Accidental Edinburgh Fringe ‘Greek’ yogurt

Last week I took a notion to make yogurt.

I was prompted in part by reading Tom Hunt’s Waste not column in Feast in the Saturday Guardian.

Each week in the Feast food supplement, Tom Hunt highlights various ways to reduce waste in the kitchen focusing on a different ingredient each week. This week it was chillies.

To make the most of chilli waste, you can save discarded seeds and dry them to season other dishes, and in something of a revelation to me, it turns out that the green stalks of chillies contain the beneficial bacteria lactobacillus and can be used instead of a starter to make yogurt.

I had chillies that I was using to make Menemen ( Turkish egg dish) for brunch and lots of milk – so was looking forward to trying out this eco tip.

So far so good – except I had not read to the end of the recipe – where I noticed it asks for 10-15 chilli stalks.

While I do like my Turkish style eggs spicy – 10 chillies is a bit too spicy !

Having decided to make yogurt I did a quick trawl of the internet for yogurt recipes – more by way of a reminder of quantities, as I have made yogurt in the past.

In my teenage years, I went through a phase of making soft cheese ( crowdie) and yogurt. I would like to say I was ahead of the artisan foodie curve but probably closer to the truth is that I lived on a farm in a small Highland village & was just a bit of an oddball.

Making yogurt is not complicated – and sometimes can happen by accident as I found out when I left a carton of milk on the windowsill of a Premier Inn hotel room on a business trip a while back. Reader – I ate it.

So back to my yogurt making – having gleaned the essential facts from the internet and reminded myself of the steps and quantities – this is what I did.

1. Gently heated up a pint of full-fat milk.

2. Left milk to cool to the temperature of a hot bath ( 45 degrees C )

3. I then took a couple of tablespoonfuls of Greek yogurt – from an existing tub, to use as the starter.

4. To warm the starter, I mixed a couple of tablespoons of the warmed milk into the Greek yogurt to make it runny and less cold before adding it back into the rest of the warmed milk.

5. I used my slow cooker to heat up the stoneware container so that the mixture went into something warm. If you don’t have a slow cooker – the important thing is to put the mixture into something that can retain heat – a thermos or just a sealed container than will keep the temperature even.

6. Having warmed the container – I put the yogurt ( that I had warmed a bit) into the warm milk then put the starter + milk mixture into the warmed slow cooker pot.

7. I switched the slow cooker off and took the stoneware container up to a warm room where I covered it in a thick blanket and left it for a few hours.

About 5 hours later it was well on the way to becoming yogurt but I decided to leave it overnight.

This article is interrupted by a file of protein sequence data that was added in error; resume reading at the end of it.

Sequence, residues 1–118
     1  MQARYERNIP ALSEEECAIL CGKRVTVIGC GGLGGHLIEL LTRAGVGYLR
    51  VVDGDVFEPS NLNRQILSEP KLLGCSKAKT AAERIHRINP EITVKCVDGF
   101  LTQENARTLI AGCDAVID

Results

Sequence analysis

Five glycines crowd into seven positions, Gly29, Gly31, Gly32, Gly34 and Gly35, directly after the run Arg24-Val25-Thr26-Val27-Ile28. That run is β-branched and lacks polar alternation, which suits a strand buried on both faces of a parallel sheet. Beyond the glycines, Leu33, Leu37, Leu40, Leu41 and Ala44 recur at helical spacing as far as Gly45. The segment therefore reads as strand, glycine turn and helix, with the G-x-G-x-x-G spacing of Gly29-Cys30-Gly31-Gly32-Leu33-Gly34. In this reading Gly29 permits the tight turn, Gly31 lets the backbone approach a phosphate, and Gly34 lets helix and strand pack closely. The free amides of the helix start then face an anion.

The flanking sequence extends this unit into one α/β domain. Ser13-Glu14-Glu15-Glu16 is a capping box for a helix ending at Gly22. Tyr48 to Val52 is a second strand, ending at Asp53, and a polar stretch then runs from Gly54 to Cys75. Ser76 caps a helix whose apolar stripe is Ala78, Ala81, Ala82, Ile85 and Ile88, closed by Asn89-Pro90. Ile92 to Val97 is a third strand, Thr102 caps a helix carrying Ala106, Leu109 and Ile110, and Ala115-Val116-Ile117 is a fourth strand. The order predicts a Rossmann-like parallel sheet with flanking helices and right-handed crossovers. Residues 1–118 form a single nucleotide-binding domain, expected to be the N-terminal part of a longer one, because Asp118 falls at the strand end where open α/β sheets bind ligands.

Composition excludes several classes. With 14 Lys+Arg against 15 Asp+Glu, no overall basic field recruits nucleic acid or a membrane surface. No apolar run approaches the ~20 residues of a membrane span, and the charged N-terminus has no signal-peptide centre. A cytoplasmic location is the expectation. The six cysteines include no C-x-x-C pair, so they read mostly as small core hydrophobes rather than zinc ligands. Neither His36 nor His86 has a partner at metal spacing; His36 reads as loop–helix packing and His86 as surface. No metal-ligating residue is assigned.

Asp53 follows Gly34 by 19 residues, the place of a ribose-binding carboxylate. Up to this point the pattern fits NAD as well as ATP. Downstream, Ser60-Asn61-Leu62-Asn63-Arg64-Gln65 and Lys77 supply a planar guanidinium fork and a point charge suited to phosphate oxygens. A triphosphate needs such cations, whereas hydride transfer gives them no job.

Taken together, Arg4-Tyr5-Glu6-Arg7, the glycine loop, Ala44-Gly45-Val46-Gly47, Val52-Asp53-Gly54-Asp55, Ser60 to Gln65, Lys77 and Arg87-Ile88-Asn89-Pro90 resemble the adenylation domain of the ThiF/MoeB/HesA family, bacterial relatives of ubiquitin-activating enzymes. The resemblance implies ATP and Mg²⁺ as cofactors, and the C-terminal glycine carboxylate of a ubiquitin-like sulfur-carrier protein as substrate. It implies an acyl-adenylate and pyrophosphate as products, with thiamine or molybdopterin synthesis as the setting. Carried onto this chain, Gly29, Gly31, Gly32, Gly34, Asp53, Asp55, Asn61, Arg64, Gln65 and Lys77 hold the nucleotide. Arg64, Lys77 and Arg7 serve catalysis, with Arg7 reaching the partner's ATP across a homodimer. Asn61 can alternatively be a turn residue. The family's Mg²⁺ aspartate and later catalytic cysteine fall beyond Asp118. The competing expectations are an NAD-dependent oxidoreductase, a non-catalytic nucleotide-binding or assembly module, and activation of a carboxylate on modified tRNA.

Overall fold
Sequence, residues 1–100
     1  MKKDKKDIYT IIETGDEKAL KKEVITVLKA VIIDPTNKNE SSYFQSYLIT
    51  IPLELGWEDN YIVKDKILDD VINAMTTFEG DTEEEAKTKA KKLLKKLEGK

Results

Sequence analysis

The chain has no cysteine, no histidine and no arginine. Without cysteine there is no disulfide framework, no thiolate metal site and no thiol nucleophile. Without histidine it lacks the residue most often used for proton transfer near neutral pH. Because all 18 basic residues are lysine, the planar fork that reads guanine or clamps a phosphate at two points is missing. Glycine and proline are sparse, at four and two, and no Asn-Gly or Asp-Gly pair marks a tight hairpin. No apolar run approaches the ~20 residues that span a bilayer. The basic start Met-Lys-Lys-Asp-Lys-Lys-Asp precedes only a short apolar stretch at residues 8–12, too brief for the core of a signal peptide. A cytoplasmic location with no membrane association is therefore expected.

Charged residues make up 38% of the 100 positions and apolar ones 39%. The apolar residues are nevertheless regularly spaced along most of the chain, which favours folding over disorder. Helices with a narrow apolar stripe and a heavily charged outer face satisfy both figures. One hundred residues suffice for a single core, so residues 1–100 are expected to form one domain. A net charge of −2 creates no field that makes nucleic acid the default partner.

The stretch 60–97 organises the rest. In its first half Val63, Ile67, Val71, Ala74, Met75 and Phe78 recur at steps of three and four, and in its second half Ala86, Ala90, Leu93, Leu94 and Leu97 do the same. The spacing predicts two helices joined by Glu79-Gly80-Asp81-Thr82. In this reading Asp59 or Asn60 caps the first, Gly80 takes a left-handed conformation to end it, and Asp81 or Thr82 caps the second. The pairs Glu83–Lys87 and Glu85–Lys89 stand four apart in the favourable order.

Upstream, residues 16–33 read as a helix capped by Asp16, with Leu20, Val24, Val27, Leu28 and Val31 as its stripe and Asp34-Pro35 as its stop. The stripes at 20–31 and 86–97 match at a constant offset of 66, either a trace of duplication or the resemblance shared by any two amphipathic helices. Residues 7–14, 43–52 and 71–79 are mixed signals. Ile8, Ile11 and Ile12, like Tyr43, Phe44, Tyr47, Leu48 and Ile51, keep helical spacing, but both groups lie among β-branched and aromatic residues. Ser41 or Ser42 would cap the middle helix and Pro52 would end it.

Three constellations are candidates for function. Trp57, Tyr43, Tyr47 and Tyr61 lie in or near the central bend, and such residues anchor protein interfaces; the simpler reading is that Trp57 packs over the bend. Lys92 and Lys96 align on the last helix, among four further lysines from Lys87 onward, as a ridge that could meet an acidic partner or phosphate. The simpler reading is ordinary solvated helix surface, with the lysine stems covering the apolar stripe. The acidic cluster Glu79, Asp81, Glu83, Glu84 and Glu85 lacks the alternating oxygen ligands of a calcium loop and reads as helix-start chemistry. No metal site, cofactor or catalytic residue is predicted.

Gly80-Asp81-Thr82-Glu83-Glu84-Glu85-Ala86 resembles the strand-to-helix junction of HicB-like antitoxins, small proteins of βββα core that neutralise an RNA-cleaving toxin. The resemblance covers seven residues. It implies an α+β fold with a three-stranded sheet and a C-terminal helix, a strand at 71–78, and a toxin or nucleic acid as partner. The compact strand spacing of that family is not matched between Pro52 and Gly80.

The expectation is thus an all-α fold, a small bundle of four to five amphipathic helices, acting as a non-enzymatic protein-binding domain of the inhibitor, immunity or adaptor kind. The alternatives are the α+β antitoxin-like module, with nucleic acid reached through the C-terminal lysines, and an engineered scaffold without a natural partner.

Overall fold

The next morning TA DA !

Yogurt

It tasted ok – quite mild, but I thought it was a bit runny and as I eat a lot of Greek yogurt I thought I would try straining it to see how it turned out.

I put the yogurt into a muslin lined sieve over a bowl and left it to drip in its own time.

I was heading out to a show at the Edinburgh book festival so I just left it dripping.

We ended up staying out later than planned and going to some more stuff at the Fringe so the yogurt had been doing its dripping thing for about 9 hours by the time we got back.

The result was a small ball of thick yogurt – maybe closer to fromage blanc than Greek yogurt in texture – but with a lovely mild flavour.

As I don’t have any pigs I drank the leftover whey – the strained liquid. No idea if it’s good for you but it was a refreshing slightly tart drink.

To make the yogurt a bit creamier I added back in a couple of spoons of full fat milk and the end result was quite close to the shop bought varieties.

It’s a fairly easy thing to do. I don’t think it gives any better result than buying a tub, but it’s quite satisfying making your own.

I might experiment with different types of milk ( e.g. Jersey or unhomogenised ) and also the length of time I strain it to see if that makes a difference to the end result.

Meanwhile, I have started saving my chilli tops in the freezer ( which I hope does not destroy the lactobacillus) and when I reach 15 I will give the chilli yogurt a whirl.

Leave a Reply

Fill in your details below or click an icon to log in:

WordPress.com Logo

You are commenting using your WordPress.com account. Log Out /  Change )

Google photo

You are commenting using your Google account. Log Out /  Change )

Twitter picture

You are commenting using your Twitter account. Log Out /  Change )

Facebook photo

You are commenting using your Facebook account. Log Out /  Change )

Connecting to %s

This site uses Akismet to reduce spam. Learn how your comment data is processed.